The Joy of the Ride
By Mitchell H. Lowe, A.I.A., NCARB, LEED AP BD+C
President’s Day Weekend in New England is generally a time to be worrying about digging out from 30 inches of snow and suffering through days when the temperatures are struggling to get out of the single digits or teens. Instead, this has been an unseasonably warm winter; one should take advantage of the weather, and perform outdoor activities normally relegated to the spring, summer or fall. So, with that in mind, I hopped on my bike in mid-afternoon to see what I could see. It was a glorious day in the mid 40’s, a few high, puffy clouds in the sky, a brilliant sun, and a slight wind out of the north. Let’s see how far my legs, my pedals, and my two wheels would take this middle aged body of mine. What a great time to for random musing about the paradoxes between the natural environment and the man-made world.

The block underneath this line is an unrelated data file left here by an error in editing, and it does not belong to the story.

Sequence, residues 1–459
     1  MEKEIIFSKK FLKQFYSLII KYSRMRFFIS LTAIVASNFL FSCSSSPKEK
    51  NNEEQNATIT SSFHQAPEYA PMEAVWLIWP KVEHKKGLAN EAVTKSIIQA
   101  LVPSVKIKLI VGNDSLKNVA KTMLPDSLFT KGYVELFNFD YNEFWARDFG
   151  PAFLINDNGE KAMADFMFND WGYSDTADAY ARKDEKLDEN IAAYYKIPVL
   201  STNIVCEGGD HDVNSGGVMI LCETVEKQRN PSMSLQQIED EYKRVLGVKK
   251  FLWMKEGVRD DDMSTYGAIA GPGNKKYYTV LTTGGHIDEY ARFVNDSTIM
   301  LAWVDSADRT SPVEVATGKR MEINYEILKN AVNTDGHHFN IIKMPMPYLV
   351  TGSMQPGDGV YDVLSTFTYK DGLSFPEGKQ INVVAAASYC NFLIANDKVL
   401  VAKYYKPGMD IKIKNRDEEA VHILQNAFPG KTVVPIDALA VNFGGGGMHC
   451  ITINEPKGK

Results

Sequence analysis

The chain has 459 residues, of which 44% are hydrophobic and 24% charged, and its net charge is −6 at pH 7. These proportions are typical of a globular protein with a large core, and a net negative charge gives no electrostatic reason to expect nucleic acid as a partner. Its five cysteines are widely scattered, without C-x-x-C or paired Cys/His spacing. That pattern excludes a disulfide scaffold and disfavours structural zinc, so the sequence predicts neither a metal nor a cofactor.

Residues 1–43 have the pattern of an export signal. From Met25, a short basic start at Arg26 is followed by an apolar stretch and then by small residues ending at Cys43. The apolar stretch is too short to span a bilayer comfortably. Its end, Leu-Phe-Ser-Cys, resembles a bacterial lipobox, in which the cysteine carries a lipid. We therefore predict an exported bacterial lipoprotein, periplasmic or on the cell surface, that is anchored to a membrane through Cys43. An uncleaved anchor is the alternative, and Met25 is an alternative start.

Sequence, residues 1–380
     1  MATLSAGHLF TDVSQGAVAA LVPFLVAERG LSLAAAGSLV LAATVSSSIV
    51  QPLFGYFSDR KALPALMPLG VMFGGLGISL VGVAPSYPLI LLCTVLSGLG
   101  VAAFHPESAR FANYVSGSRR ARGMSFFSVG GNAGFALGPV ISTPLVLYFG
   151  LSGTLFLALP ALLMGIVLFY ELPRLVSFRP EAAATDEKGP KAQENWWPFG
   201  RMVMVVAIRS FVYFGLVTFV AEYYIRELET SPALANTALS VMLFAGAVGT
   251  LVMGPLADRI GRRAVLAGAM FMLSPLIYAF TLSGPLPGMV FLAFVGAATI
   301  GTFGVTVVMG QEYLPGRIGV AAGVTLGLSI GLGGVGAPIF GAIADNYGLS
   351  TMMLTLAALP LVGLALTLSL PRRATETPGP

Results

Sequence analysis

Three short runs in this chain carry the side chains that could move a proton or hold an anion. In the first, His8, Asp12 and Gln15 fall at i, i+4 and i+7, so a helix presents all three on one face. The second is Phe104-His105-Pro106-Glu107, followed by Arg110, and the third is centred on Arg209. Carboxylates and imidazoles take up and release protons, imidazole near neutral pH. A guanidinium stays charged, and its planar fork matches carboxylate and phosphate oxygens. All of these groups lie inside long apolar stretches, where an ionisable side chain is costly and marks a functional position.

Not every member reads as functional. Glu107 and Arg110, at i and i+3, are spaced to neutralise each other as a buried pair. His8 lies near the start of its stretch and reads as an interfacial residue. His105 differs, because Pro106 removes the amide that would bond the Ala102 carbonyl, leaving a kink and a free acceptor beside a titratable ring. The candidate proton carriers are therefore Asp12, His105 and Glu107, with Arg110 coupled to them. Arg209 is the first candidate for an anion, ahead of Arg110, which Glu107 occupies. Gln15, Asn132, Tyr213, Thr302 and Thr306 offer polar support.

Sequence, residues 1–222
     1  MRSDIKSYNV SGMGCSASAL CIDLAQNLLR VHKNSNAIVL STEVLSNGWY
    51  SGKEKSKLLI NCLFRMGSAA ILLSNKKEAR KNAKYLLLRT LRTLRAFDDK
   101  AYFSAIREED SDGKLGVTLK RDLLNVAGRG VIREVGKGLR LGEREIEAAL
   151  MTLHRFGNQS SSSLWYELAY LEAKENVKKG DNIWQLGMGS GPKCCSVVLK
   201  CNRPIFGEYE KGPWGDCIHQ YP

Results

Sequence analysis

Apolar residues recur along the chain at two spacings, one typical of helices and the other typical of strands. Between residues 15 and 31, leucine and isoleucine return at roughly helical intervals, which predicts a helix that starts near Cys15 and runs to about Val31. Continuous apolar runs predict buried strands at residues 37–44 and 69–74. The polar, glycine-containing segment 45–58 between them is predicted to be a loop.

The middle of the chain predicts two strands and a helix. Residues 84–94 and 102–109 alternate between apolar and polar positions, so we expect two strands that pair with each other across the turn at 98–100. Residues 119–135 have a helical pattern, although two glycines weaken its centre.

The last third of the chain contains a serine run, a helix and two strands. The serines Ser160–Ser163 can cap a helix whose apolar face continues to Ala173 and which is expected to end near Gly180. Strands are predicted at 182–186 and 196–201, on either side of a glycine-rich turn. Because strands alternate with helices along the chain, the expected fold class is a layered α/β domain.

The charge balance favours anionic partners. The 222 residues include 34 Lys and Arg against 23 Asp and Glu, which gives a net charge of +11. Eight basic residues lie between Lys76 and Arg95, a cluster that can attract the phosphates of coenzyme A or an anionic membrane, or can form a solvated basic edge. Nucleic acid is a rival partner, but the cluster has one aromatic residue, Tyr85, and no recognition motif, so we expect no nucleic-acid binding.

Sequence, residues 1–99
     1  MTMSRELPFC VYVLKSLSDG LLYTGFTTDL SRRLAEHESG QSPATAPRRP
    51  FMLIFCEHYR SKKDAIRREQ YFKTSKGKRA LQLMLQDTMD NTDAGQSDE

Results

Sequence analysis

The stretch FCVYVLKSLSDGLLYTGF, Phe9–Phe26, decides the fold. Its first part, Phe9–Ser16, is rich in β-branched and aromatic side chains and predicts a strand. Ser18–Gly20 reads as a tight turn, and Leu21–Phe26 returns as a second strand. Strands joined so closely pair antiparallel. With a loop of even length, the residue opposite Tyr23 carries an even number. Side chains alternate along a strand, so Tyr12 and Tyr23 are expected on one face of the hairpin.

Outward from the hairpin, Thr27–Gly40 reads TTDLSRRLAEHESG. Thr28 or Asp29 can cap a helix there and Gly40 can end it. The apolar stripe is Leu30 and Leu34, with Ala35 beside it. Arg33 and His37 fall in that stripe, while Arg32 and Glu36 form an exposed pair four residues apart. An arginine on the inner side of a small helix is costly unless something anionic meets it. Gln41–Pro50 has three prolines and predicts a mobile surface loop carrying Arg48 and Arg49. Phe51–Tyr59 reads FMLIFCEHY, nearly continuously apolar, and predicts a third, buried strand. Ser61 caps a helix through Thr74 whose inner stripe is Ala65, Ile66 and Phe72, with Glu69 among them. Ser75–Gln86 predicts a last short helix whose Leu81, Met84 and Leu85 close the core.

As architects, we are constantly working on one home improvement project after another. We don’t even have to finish one before we start the other. They just keep on coming. We are never satisfied, and always want more, better, different, or something else. We are also tinkerers and pseudo craftsmen. This day, I was working on sanding, taping, and then staining the closet door and frame in our newly constructed mudroom. “Enough of this already,” said I. “Get outside. Let’s head north to Plum Island, and see what the day brings.” So, I put on my cold weather riding gear, grabbed some liquids, and $3 for the entry to Plum Island.
Right out of my street, I head up High Street in Ipswich, MA. High Street and Summer Street (my street) have some houses dating from the mid 1600’s, and many from the 1700’s. Most have been well preserved and renovated many times, but the bones of the houses are still there. The Puritan ethic of simple, clean structures lives strong in my neighborhood. However, there is something a bit odd about looking in the window of a 350 year old house, and seeing a 50” big screen TV mounted on the wall. I’m sure the original elders of the town never figured their houses would have contraptions such as that in them.